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IMF

France urged to drop probe against IMF chief

The French public prosecutor's office on Tuesday requested the dismissal of a negligence case against IMF chief Christine Lagarde linked to her role in an arbitration case while she was finance minister.

France urged to drop probe against IMF chief
French public prosecutor has told investigators to drop the probe into IMF chief Christine Lagarde. Photo: AFP

If the investigating magistrates at the Law Court of the Republic (CJR) accept the recommendation, the investigation will be dropped, a source close to the case told AFP.

There was no immediate confirmation from the CJR, a special court established to try cases of ministerial misconduct.

And there was no immediate response from Lagarde's lawyer.

On August 27, the CJR formally opened an investigation into Lagarde on grounds of alleged “negligence”.

The case dates back to 2008 when she decided to allow arbitration to end a dispute between controversial French tycoon Bernard Tapie and the Credit Lyonnais bank.

At the time, she was finance minister under the government of then president Nicolas Sarkozy.

The arbitration resulted in Tapie, who had close ties to Sarkozy, being awarded a 403-million-euro payout to settle his dispute with the bank.

Lagarde's handling of the case — specifically her failure to challenge the award that was hugely beneficial to Tapie but prejudicial to the state — has seen her placed under formal investigation for “negligence”.

She has denied any wrongdoing.

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ECONOMY

Make reforms while sun shines on world economy: Lagarde

International Monetary Fund chief Christine Lagarde has urged France and other countries to push through reforms "while the sun is shining" on the global economy.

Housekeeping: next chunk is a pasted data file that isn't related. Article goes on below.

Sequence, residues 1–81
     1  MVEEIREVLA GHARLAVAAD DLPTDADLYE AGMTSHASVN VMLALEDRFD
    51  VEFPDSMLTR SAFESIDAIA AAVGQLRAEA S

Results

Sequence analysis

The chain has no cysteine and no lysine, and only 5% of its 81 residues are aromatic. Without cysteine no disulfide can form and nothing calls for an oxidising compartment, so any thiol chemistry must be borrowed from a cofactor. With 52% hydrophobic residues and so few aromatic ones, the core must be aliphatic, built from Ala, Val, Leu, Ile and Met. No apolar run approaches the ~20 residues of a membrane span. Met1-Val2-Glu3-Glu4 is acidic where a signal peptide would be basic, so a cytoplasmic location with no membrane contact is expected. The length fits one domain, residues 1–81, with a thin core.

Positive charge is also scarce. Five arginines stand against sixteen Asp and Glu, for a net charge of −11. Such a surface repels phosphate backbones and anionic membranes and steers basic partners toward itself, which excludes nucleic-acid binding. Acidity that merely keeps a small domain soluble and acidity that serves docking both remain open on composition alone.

Make reforms while sun shines on world economy: Lagarde
International Monetary Fund chief Christine Lagarde. Photo: AFP

In an interview with France's Le Journal du Dimanche published on Sunday Lagarde said the strength of the global economic recovery had taken the IMF by surprise.

“In 2017, for the first time in a long time, we revised our growth forecasts upwards whereas previously we used to lower them,” she said.

Global growth of 3.6 percent was both “stronger and more widely shared” in 2017, she said, noting that developed economies were now growing again under their own steam and no longer merely being pulled along by demand in emerging markets.

Lagarde said the favourable climate lent itself to implementing reforms.

“When the sun is shining you should take advantage to fix the roof,” she said, using one of her favourite maxims.

This year's global growth is on a par with the average of the two decades leading up to the global financial crisis of 2007-2008.

The IMF has forecast a further slight improvement in 2018, to 3.7 percent.

In Lagarde's native France, seen for years as one of Europe's weak links, the recovery kicked in in earnest this year.

From 1.1 percent in 2016, growth is expected to rise to 1.9 percent in 2017 — still short of the 2.4 percent forecast for the eurozone as a whole but better than the 1.6 percent initially forecast in the eurozone's second-largest economy.

Centrist President Emmanuel Macron aims to consolidate the momentum and bring down stubbornly high unemployment with an ambitious programme of labour, tax and welfare reforms.

Lagarde said the changes were key to boosting France's credibility at a time when Macron is pushing for reforms at the European level, including closer integration among eurozone members.

The managing director of the IMF was France's finance minister in 2008, when the euro looked to be in serious jeopardy.

Nearly 10 years later, the currency is out of the woods.

But, Lagarde warned, “the mission has not been accomplished — and maybe never will — because Europe is not united on moving towards greater integration while maintaining national sovereignty.”